Crystal Lake Cave: One of Iowa’s Natural Wonders

Crystal Lake Cave
Some of the fantastical formations in Crystal Lake Cave

Nestled in the pastoral rolling hills south of Dubuque is the charming Crystal Lake Cave gift shop, which also happens to be the entrance to an amazing system of natural caves.

Crystal Lake Cave was discovered in 1868 by a miner looking for lead. These days, lead is used for bullets and batteries, but in the 1800s, it was used for saucers, plates, silverware, cups, and cans.

“It was a very valuable ore,” says current cave owner Julie Rubel, “so everybody was digging around here for lead.” The Mines of Spain, only two miles away, had a significant amount of lead. But here, instead of lead, miner James Rice found breathtaking natural beauty: the intricate, breathtaking formations of Crystal Lake Cave.

A vintage Crystal Lake Cave postcard shows Bernard Markus at the entrance. Marcus purchased the site in 1930 and developed it into a tourist attraction.

Julie Rubel bought the Crystal Lake Cave from her parents four years ago. They purchased it in 1978 from the grandniece of Bernard Markus, who had established it as a tourist attraction in the 1930s. Julie grew up with a cave in her backyard. “I went cave exploring, or spelunking, in all the tunnels, including the spots the adults couldn’t fit into,” she says. “I was a little twig when I was nine. All of this used to be my playground.”

The crystal formations change constantly.

One of the most unique destinations in the area, Crystal Lake Cave formed approximately two million years ago, and it’s still growing. Filled with stalagmites (which grow up from the ground), stalactites (which descend from the ceiling), helictites (stalactites that curve as if formed in zero gravity), rare anthodites (clusters of radiating, needle-like crystals that resemble feathers or flowers), and other impressive mineral formations, Crystal Lake Cave is a wondrous geological adventure.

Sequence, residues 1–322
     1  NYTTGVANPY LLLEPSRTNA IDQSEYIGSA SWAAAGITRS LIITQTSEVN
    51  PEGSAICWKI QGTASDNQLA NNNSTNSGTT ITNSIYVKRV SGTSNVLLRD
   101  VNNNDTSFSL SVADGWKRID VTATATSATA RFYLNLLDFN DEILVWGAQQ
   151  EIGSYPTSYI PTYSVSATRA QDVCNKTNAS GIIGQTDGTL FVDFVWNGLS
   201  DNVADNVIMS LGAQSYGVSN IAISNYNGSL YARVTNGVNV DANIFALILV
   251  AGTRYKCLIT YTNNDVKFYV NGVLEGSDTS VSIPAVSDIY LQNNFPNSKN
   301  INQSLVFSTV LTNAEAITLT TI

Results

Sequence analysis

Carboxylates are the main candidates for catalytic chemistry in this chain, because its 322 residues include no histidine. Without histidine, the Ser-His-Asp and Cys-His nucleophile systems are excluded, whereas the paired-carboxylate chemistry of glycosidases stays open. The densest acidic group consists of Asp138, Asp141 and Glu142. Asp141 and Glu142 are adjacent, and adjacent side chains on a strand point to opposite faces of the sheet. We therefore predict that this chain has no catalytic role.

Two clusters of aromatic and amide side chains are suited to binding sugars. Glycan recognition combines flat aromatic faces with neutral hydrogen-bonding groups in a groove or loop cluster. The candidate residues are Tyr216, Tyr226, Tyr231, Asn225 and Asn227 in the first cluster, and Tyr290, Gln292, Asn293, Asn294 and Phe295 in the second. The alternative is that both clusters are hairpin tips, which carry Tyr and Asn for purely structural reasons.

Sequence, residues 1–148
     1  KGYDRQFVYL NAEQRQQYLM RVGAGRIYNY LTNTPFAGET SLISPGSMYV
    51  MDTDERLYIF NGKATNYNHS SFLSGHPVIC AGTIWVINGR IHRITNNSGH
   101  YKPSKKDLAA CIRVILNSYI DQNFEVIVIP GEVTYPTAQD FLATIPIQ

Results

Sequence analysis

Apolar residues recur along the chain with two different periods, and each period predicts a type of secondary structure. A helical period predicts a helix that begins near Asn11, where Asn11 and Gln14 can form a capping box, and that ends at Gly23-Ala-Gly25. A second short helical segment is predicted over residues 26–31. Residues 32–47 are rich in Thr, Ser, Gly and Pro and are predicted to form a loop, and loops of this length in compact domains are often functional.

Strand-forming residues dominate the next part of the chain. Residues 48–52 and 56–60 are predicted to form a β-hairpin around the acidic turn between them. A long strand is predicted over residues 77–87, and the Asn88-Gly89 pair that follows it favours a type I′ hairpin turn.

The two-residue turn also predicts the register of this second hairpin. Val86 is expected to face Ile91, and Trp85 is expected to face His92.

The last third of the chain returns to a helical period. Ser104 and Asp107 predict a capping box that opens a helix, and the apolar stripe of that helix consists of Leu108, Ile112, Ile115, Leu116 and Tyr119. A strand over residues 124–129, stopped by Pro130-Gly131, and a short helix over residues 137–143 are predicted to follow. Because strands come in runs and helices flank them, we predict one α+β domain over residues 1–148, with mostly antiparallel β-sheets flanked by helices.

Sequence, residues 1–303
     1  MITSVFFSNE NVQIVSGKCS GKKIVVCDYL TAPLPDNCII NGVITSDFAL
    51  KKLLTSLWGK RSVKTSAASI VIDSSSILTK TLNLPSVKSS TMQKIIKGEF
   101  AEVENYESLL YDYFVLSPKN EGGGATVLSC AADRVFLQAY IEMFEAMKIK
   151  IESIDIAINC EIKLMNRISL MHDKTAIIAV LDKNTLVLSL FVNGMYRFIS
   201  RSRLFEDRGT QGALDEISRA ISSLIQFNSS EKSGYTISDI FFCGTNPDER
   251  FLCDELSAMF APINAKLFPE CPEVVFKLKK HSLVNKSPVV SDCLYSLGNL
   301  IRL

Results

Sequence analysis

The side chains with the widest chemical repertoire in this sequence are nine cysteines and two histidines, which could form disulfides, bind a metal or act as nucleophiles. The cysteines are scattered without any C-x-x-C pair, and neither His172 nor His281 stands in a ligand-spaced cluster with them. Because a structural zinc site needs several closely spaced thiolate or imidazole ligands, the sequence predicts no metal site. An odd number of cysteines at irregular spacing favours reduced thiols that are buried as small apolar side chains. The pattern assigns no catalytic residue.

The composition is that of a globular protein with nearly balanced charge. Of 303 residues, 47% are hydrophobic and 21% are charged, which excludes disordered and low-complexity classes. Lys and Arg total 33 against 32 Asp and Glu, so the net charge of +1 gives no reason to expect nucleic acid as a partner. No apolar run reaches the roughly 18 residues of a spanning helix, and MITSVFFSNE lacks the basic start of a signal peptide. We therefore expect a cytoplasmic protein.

Tours are led by an affable, informative guide, who shares stories of Crystal Lake Cave’s past and describes the science behind the formation of the amazing mineral features.

Originally barely large enough to crawl through, the main cave system was enlarged, with careful consideration for the mineral features, so that visitors can walk comfortably through the cave. The floor can be rather wet, especially after a rain, so participants are encouraged to wear sturdy, waterproof footwear. The cave maintains a temperature of 50 degrees all year round, so dress appropriately.

Bernard Marcus, center, and the Rice brothers made their way into the cave using a bucket and rope. These days,  a stairway descends deep into the cave, and narrow paths are carved out so visitors can walk through and see the crystals close up.

Fifteen to twenty thousand people visit the cave every year. Many of these visitors are families, and children enjoy visiting the gem-mining sluice just outside the gift shop, where they can find their own hidden treasures just like old-time miners. There’s also a picturesque picnic pavilion, where visitors can enjoy a meal.

A friendly guide points out the weird and wonderful crystal formations.

The Wild Cave Tour option is an exciting new addition to the regular tour. Four participants, dressed for spelunking, follow an experienced tour guide through some of the smaller natural caves that shoot off from the main cave system. Participants are advised to wear clothing they don’t care about, as the natural caves can be very muddy.

Not only is Crystal Lake Cave a fun family outing, it’s also a wedding destination. Ten couples have been married in the cave. Four of them were married in “The Chapel,” an alcove in the cave system with a cathedral-like domed ceiling, decorated with natural mineral spires and twists.


The Chandelier is one of many named crystal formations in Crystal Lake Cave.

The cave is also home to cave crickets and two species of bat. Little brown bats and cave bats, which are grayish brown, have the cave system to themselves in the winter. Once tour season starts, they sleep deep in the natural tunnels, far from the disruption of tours.

For tour hours and more information, call (563) 556-6451, or email